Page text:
Newspaper article Evening Chronicle (Newcastle, England)

Should Tyne Be Brought to Life? Tyneside's Historic Swan Hunter Yard Could Be Soon Home to Shipbreaking. Here, Chief Reporter ADAM JUPP Has a Look at What Is Involved in the Dismantling Proces

Newspaper article Evening Chronicle (Newcastle, England)

Should Tyne Be Brought to Life? Tyneside's Historic Swan Hunter Yard Could Be Soon Home to Shipbreaking. Here, Chief Reporter ADAM JUPP Has a Look at What Is Involved in the Dismantling Proces

Article excerpt

Byline: ADAM JUPP

SOME of the world's most famous ships were built on the Tyne.

Generations of Geordies worked in the yards that lined the banks of the river, until the demise of heavy industry led to their closure.

Industrialists have been plotting what to do with the large swathes of land left behind and the accepted vision for the future appeared to have been a movement into the renewable energy sector.

Now, in an ironic twist, it has emerged talks are taking place over a contract to dismantle, rather than manufacture, ships at what is arguable Tyneside's most famous yard of all.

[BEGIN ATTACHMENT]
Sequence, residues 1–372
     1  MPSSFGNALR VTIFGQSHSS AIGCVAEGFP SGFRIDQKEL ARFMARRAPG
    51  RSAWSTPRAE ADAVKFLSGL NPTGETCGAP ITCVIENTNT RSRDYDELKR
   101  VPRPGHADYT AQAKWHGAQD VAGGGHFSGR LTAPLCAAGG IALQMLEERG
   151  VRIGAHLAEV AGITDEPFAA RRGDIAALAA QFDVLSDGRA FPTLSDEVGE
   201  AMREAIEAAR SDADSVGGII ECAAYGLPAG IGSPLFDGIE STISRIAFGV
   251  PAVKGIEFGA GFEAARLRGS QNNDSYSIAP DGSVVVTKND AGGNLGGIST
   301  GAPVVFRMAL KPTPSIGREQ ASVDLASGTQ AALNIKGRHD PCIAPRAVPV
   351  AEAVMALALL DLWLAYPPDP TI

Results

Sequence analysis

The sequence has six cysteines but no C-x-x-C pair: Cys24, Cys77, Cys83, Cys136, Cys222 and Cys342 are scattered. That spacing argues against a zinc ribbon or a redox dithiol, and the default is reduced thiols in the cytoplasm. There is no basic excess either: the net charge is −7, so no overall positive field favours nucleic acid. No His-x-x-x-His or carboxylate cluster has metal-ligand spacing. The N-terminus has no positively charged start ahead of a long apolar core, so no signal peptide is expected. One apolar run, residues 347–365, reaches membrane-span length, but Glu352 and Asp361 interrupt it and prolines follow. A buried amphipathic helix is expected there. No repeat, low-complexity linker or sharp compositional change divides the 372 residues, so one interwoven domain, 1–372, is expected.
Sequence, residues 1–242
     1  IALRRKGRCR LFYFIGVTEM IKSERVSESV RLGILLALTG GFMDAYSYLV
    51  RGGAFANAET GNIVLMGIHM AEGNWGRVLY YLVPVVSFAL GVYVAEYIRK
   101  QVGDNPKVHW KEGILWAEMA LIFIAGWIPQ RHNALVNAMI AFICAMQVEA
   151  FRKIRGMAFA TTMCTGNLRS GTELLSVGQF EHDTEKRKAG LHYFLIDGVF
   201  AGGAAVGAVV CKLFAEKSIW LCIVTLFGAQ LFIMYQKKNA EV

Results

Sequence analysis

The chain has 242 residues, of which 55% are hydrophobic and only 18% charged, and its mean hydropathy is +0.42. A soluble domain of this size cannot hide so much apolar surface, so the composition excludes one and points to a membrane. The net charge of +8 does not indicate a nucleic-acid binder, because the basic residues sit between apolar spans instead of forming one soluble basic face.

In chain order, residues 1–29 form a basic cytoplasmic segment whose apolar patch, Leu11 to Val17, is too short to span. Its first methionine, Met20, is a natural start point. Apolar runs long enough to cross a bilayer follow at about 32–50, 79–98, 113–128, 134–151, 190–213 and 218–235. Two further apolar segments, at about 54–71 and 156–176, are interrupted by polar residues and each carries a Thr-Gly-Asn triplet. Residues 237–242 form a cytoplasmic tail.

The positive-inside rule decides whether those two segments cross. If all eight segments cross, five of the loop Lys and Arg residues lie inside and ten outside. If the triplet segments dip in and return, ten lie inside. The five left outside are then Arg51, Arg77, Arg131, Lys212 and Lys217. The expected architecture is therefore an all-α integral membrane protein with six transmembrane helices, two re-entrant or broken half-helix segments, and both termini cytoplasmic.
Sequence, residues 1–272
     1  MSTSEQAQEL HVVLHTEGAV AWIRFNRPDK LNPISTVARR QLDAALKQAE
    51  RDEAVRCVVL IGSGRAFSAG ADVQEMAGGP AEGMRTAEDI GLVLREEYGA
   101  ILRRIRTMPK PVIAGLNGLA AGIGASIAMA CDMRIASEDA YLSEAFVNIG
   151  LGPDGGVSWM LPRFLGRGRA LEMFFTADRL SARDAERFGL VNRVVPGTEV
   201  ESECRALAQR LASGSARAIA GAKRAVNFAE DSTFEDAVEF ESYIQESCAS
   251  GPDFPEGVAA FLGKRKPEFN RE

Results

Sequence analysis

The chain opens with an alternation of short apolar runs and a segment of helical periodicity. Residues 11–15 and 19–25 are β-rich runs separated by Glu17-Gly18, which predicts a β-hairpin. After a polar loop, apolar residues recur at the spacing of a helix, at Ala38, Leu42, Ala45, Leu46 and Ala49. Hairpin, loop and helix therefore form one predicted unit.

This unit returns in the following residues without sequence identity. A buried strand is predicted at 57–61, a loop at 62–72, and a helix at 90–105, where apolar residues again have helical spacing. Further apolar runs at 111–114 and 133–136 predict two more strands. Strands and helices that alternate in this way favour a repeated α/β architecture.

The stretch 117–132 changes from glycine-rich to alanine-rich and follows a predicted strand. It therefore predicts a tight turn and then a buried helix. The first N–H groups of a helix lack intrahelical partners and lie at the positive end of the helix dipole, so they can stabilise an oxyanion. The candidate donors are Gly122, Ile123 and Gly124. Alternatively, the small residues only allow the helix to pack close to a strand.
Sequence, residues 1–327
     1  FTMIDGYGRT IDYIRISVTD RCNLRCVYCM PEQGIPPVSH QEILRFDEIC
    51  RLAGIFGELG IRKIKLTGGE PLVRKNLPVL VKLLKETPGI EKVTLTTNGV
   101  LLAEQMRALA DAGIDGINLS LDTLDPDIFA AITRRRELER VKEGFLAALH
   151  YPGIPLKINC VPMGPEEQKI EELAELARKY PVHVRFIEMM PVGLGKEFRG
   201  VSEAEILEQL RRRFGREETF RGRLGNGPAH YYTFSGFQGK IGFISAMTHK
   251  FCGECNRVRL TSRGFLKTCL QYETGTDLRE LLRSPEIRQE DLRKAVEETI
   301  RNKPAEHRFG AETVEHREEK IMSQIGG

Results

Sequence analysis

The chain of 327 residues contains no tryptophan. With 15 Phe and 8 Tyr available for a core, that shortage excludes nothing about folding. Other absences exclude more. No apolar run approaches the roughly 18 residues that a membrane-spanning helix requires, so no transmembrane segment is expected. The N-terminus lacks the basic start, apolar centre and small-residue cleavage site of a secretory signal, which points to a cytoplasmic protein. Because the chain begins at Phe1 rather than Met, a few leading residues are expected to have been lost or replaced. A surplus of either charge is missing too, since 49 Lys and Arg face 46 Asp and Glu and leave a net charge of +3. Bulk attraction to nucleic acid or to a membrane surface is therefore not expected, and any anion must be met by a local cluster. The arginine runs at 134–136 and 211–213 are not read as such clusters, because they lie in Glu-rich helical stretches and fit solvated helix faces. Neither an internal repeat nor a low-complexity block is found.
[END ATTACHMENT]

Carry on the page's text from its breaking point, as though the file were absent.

Bringing shipbreaking work to Swan Hunter would mean, at least in the short term, job creation.

But there are concerns the deal would also have a number of negative consequences for Wallsend and the surrounding area.

Talk of so-called "ghost ships" immediately casts the mind to the controversy surrounding the Able UK site, in Hartlepool, where environmental campaigners protested against ships deemed too toxic to be dismantled overseas being sailed into the region.

The concerns surround some of the substances found inside end-of-life vessels when they are broken up.

The vast majority of the materials making up a ship, particularly the steel can be recycled and have a high scrap value, which explains why the work is done in the first place.

But ships now reaching the end of their lives now also contain hazardous materials such as asbestos and waste oils which need to be disposed of safely.

In recent years, a large number of decommissioned ships have been broken up on beaches in Asia, where laws protecting workers and the wider environment are now deemed unacceptable.

That has led to the UK Government developing policies to encourage private ship owners to dispose of their vessels responsibly, while all naval and publicly-owned ships are supposed to be dismantled to the highest health and safety and environmental standards. …

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